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Love's sister, but a chaste and sober dame,
And stirred him so, that hardly he suppressed
The springing tears that to his eyes up came;
But yet even there his plaints repressed were,
And, as he could, he looked, and feigned cheer.
"Madam," quoth he, "for your distress I grieve,
And would amend it, if I might or could.
From your wise heart that fond affection drive:
I cannot hate nor scorn you though I would,
I seek no vengeance, wrongs I all forgive,
Nor you my servant nor my foe I hold,
Truth is, you erred, and your estate forgot,
Too great your hate was, and your love too hot.
"But those are common faults, and faults of kind,
Excused by nature, by your sex and years;
I erred likewise, if I pardon find
None can condemn you, that our trespass hears;
Your dear remembrance will I keep in mind,
In joys, in woes, in comforts, hopes and fears,
Call me your soldier and your knight, as far
As Christian faith permits, and Asia's war.
"Ah, let our faults and follies here take end,
And let our errors past you satisfy,
And in this angle of the world ypend,
Let both the fame and shame thereof now die,
From all the earth where I am known and kenned,
I wish this fact should still concealed lie:
Nor yet in following me, poor knight, disgrace
Your worth, your beauty, and your princely race.
"Stay here in peace, I go, nor wend you may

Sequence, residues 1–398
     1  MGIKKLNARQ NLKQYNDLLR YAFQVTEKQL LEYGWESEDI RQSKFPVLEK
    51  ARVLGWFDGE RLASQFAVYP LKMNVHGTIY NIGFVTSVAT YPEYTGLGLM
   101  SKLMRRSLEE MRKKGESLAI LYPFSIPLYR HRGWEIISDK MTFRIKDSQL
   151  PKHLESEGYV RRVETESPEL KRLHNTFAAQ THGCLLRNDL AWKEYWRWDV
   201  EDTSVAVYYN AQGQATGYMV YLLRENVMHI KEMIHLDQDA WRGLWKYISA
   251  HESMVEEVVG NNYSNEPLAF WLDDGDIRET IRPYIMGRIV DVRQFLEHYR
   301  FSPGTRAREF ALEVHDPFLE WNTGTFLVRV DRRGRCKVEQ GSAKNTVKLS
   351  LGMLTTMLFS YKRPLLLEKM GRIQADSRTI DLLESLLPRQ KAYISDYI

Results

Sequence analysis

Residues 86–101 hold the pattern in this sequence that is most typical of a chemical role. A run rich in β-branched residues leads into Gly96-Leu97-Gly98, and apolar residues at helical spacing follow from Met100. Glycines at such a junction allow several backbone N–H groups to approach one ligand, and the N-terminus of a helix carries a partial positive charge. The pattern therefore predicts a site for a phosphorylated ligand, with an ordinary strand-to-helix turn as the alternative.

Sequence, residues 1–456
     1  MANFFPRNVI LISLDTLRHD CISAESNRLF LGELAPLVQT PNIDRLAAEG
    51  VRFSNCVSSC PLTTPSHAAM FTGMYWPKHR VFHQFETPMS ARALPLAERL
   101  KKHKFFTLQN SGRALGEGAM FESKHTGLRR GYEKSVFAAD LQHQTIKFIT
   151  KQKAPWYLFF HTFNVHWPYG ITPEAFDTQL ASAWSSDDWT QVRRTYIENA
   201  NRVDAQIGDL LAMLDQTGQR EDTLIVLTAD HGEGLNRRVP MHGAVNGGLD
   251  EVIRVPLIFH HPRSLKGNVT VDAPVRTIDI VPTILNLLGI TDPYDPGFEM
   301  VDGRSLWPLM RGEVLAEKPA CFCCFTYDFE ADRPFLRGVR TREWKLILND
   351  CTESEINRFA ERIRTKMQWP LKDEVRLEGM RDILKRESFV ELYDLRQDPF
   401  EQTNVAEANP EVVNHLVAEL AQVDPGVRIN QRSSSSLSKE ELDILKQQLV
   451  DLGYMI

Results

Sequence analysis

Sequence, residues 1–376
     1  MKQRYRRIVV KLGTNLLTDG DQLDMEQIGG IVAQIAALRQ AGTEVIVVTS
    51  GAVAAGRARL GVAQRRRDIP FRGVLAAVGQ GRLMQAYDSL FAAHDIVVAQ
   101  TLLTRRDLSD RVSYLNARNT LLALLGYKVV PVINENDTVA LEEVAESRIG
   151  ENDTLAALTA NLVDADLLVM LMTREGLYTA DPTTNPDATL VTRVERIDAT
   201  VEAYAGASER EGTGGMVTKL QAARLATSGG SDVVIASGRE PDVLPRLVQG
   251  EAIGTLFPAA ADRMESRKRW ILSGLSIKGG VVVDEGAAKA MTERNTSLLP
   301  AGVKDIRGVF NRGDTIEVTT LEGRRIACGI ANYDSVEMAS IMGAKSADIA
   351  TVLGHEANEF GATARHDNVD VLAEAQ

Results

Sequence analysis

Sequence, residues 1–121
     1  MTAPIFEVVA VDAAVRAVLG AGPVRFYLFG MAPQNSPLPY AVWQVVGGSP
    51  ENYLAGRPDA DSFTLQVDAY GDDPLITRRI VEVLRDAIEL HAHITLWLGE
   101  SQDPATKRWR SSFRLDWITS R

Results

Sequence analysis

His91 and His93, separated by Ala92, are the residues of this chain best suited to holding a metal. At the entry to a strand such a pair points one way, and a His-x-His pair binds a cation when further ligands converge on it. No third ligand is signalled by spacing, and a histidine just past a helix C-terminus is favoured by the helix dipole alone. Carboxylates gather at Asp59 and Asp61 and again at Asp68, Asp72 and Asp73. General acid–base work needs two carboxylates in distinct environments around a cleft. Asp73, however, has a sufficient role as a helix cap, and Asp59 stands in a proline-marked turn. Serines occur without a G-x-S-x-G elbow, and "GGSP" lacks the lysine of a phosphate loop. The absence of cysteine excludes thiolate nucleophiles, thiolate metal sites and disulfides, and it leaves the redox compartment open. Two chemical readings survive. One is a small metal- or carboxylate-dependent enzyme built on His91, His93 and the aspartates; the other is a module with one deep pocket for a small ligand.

With me, my guide your fellowship denies,
Stay here or hence depart some better way,
And calm your thoughts, you are both sage and wise."
While thus he spoke, her passions found no stay,
But here and there she turned and rolled her eyes,
And staring on his face awhile, at last
Thus in foul terms, her bitter wrath forth brast:
"Of Sophia fair thou never wert the child,
Nor of the Azzain race ysprung thou art,
The mad sea-waves thee hare, some tigress wild
On Caucasus' cold crags nursed thee apart;
Ah, cruel man l in whom no token mild
Appears, of pity, ruth, or tender heart,
Could not my griefs, my woes, my plaints, and all
One sigh strain from thy breast, one tear make fall?
"What shall I say, or how renew my speech?
He scorns me, leaves me, bids me call him mine:
The victor hath his foe within his reach;
Yet pardons her, that merits death and pine;
Hear how he counsels me; how he can preach,
Like chaste Xenocrates, gainst love divine;
O heavens, O gods! why do these men of shame,
Thus spoil your temples and blaspheme your name?
"Go cruel, go, go with such peace, such rest,
Such joy, such comfort, as thou leavest me here:
My angry soul discharged from this weak breast,
Shall haunt thee ever, and attend thee near,
And fury-like in snakes and firebrands dressed,
Shall aye torment thee, whom it late held dear:
And if thou 'scape the seas, the rocks, and sands
And come to fight among the Pagan bands,
"There lying wounded, mongst the hurt and slain,
Of these my wrongs thou shalt the vengeance bear,
And oft Armida shalt thou call in vain,
At thy last gasp; this hope I soon to hear:"
Here fainted she, with sorrow, grief and pain,
Her latest words scant well expressed were,
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